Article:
“He prayed for clear skies and discovery, for danger and heartache and laughter, for a life beyond fear, a life that got bigger, really got bigger, as it receded.”
-Jonathan Evison, West of Here
While in Olympic National Park, we traveled to the soundtrack of:
The One That Got Away by The Civil Wars
Towers by Bon Iver
Fire-Scene by S. Carey
You’d be missing out if you didn’t check out the links above and listen to these songs while you read along.
Looking west across Elliot Bay and the Puget Sound from Seattle’s shores, the Olympic Mountains gash the evening sky, sharks teeth inverted into a bloody red-orange sunset, faint gray glaciers and late-season snow fields melting into purple silhouettes. The view has become familiar, though no less fantastic, whether shrouded in the dense, low cloud cover of winter and spring, shaking off barrels of summer morning fog, or etched in sharp, craggy lines across crystal July and August skies, ever emerging above Bainbridge and the misty chop of the southern Salish Sea. Even when the gray blanket of winter smothers the peninsula out of sight, sometimes for days at a time, they remain present, dutifully guarding the city from the vicious Pacific, and we eagerly anticipate their return to the skyline.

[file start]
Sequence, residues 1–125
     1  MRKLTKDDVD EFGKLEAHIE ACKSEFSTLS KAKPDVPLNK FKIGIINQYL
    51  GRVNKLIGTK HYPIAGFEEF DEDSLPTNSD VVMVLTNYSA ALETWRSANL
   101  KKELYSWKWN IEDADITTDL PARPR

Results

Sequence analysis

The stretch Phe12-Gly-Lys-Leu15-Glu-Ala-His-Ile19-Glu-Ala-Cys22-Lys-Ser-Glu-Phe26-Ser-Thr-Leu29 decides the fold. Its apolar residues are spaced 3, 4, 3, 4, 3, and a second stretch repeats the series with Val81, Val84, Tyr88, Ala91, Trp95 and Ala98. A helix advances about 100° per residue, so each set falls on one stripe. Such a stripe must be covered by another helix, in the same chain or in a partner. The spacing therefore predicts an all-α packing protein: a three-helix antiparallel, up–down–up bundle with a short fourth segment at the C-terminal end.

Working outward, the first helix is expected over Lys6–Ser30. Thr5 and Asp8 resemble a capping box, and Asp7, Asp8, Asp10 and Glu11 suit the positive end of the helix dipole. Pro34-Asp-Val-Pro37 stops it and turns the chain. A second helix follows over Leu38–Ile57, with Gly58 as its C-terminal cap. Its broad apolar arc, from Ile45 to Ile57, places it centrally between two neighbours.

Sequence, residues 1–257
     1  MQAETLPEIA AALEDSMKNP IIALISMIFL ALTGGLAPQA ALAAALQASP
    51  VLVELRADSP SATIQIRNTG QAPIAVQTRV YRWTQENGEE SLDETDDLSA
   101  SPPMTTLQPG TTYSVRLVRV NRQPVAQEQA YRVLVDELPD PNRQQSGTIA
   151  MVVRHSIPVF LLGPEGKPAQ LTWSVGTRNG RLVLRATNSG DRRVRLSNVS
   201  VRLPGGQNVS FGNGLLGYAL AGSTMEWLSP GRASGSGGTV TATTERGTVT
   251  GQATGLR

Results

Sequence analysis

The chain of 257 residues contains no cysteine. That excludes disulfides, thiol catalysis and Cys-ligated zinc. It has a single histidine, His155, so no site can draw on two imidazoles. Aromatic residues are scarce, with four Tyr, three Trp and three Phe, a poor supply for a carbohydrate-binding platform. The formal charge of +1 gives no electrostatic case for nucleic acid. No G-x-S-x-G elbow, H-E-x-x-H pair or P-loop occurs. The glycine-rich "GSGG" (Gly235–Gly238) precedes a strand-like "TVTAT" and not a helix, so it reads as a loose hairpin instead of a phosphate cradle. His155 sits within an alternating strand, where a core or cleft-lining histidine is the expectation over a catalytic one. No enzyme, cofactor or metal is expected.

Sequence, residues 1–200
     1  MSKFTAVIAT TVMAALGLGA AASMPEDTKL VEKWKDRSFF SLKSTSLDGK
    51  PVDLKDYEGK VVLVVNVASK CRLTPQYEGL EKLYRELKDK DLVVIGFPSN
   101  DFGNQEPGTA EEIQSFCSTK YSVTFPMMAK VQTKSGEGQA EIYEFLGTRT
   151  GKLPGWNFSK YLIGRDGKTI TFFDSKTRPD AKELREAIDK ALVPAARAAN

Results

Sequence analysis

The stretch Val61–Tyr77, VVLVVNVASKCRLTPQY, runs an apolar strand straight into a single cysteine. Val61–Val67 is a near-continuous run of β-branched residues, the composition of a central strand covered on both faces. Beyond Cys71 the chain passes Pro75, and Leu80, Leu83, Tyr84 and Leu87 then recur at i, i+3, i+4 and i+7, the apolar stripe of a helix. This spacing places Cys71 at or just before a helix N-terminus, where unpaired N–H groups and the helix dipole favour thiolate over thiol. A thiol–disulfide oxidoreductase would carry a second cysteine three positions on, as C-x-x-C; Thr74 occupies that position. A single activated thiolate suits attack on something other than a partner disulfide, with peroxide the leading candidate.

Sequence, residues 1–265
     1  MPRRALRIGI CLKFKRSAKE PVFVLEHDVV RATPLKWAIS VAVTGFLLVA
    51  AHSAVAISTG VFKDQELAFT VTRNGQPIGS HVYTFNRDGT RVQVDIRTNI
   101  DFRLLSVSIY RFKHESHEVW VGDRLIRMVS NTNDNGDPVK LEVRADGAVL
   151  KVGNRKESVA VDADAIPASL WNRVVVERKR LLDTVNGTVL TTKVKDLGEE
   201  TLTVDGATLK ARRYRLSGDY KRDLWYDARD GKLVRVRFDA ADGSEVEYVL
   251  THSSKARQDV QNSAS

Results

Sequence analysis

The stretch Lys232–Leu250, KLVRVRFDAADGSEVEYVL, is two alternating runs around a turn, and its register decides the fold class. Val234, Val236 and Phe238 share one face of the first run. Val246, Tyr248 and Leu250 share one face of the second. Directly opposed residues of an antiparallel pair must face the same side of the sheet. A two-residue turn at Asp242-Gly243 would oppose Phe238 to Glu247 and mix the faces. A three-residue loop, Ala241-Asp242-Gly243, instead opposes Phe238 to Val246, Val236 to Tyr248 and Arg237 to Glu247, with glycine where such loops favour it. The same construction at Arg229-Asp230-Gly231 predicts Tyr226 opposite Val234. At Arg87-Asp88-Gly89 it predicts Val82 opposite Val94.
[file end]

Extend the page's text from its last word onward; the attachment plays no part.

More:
The Olympic Peninsula, or OP, is the end of the earth, in a very real sense. The beaches of Shi Shi mark the furthest northwest corner of the United States, stretching a limber finger into the ocean, unshielded from the pipeline of winter storms that roar northward along the Pineapple Express while, further down the coast, the Hoh and Quinault Rainforests languish under up to 200 inches of rain, annually. Verdant mosses, muddy trails and dripping leaves dominate the southwest of the park while, at higher elevations, massive glacier systems, like the one atop Mt. Olympus, benefit from incredibly heavy snowfall. Shielded by the “Rain Shadow,” a phenomenon wherein the majority of the moisture brought onshore by Pacific storms falls as rain or snow in the mountains leaving dry spots to the east and north, Port Angeles perches along the Straight of Juan de Fuca, a wide channel separating the Salish from the open Pacific. To the north of the straight, the outlines of Victoria and Vancouver Island can be seen on clearer days, marking some of the last significant human settlements before the British Columbian wilds begin their interminable march north towards the Arctic.